Kate Carpenter 13:48
Yeah, I mean, that that makes me wonder, and this may be a difficult question to answer. But how long does each episode of Consolation Prize take to put together?

Abby Mullen 13:56
Ee estimated, for one episode, I had everybody on the team kind of track their work on it. And it ended up being about an hour of work for every minute that you hear. So that was there roughly, you know, 30 to 40 minutes long, most of them so that’s, you know, 30 to 40 hours. Not every episode took that much work. Some episodes took more. But that’s a decent guess.

Kate Carpenter 14:24
So to dig into Abby’s process, we’re doing something just a little different in this episode. Instead of having Abby read an excerpt of her writing, she’s given me permission to play a short clip from an episode of the Consolation Prize podcast. This is from Consolation Prize season two, episode one called “Troublemakers in Tahiti.” I’ll link to the whole episode in our show notes.

Podcast episode 14:54
So, if Tahiti is just a tiny pinprick, why do we even care about it? From the first time Europeans set eyes on Tahiti in the 1760s, there were lots of reasons to be interested in it. The most famous voyager to Tahiti, Captain James Cook, went there to watch the transit of the planet Venus. But he also had other reasons, and so did the Europeans that followed him. According to Patty O’Brien, a historian of the Pacific, Tahiti offered a nice stop over for ships traveling through the Pacific.

Patty O’Brien 15:27
Tahiti was a very convenient port in which to refresh ships and refresh has a whole lot of meanings in terms of taking on water, food, and also a huge part of the story of Tahiti is the interactions between the incoming men, these voyaging men from Europe and Indigenous people, and particularly, the interactions with Indigenous women, the highly sexualized interactions with Indigenous women.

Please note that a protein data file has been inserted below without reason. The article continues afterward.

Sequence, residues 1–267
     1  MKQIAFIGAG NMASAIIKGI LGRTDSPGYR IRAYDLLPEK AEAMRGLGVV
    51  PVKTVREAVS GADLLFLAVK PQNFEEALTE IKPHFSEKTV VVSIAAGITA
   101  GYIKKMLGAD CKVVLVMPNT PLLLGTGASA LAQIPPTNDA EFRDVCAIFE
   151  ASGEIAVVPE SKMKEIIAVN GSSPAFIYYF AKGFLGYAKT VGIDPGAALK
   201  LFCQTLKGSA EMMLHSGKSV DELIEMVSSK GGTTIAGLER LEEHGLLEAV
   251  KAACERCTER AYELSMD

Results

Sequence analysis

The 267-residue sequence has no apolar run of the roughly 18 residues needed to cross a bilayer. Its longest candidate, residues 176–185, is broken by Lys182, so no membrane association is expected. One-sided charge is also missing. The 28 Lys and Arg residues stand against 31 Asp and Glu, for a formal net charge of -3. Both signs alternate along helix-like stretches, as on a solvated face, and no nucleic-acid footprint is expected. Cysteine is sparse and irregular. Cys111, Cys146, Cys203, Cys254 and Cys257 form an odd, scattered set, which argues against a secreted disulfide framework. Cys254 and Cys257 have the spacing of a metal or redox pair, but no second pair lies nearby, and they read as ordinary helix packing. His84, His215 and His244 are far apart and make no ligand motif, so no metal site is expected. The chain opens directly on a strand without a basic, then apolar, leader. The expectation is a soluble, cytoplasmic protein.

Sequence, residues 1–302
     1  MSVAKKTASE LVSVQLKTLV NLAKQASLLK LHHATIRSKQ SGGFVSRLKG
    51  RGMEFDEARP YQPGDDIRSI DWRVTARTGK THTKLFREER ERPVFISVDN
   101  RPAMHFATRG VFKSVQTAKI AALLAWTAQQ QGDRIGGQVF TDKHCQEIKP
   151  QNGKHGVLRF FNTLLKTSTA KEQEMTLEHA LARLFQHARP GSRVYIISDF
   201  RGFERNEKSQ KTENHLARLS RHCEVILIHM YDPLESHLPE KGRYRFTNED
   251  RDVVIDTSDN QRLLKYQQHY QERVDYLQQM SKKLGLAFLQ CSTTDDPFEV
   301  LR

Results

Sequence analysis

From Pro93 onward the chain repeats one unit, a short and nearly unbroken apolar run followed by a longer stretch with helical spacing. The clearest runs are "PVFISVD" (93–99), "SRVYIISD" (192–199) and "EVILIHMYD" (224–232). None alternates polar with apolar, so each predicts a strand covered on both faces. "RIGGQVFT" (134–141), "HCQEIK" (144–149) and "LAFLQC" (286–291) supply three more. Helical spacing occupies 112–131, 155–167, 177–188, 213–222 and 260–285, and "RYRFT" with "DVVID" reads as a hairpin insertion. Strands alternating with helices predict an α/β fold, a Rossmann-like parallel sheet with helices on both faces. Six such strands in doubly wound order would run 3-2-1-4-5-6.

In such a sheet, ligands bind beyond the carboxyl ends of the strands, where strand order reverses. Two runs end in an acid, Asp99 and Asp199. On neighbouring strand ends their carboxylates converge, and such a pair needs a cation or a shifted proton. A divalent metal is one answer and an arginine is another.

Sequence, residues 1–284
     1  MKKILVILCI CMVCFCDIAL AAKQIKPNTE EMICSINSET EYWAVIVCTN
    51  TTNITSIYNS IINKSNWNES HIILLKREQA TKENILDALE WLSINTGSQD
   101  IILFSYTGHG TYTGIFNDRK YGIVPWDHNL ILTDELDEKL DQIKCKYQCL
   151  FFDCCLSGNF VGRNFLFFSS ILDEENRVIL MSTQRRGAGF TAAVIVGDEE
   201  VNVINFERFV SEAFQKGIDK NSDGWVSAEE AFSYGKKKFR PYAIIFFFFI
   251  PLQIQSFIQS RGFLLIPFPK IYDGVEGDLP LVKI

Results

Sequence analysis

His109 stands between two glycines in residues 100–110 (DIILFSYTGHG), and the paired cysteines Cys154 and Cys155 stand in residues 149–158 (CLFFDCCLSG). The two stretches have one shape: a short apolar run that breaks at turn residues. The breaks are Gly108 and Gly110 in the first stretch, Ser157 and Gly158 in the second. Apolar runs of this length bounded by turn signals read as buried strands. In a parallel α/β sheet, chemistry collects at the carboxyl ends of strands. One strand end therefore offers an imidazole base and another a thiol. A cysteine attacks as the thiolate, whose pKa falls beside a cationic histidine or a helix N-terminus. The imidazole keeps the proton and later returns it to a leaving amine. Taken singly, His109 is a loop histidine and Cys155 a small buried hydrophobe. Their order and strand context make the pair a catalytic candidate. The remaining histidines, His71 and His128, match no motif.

Podcast episode 16:02
Patty O’Brien told me that Tahiti was also attractive for its natural resources. First, there was sandalwood, which Europeans wanted for its scent. And then in the 19th century, there were whales. The United States wanted in on these things too. Commercial vessels went into the Pacific Ocean from the earliest days of American independence. But in the 1820s, the United States sent another emissary, the Navy.

Gene Smith 16:29
By the early 1820s, the US has created a Pacific Squadron. And it was an opportunity for the US to start trying to expand its reach out in the Pacific. And I argue that this is all a part of this concept, an unwritten concept at the time called Manifest Destiny.

Podcast episode 16:49
This is Gene Smith,

Podcast episode 16:51
a naval historian. He said that even though the term Manifest Destiny wasn’t coined until 1845, the idea was present in the very earliest days of American culture. And here in the 1820s, the Pacific Squadron had some goals to achieve in order to make the Pacific a better place for Americans. We’re gonna zero in on just one member of this squadron, an officer named Thomas ap Catesby Jones.

Kate Carpenter 17:20
This is you know, this is a great example of kind of like, framing an episode doing some signposting to listeners. What does it take to pull together? I mean, like you just said, there’s a lot of time, this is just a couple minutes of audio, what does it take to pull this all together?

Abby Mullen 17:36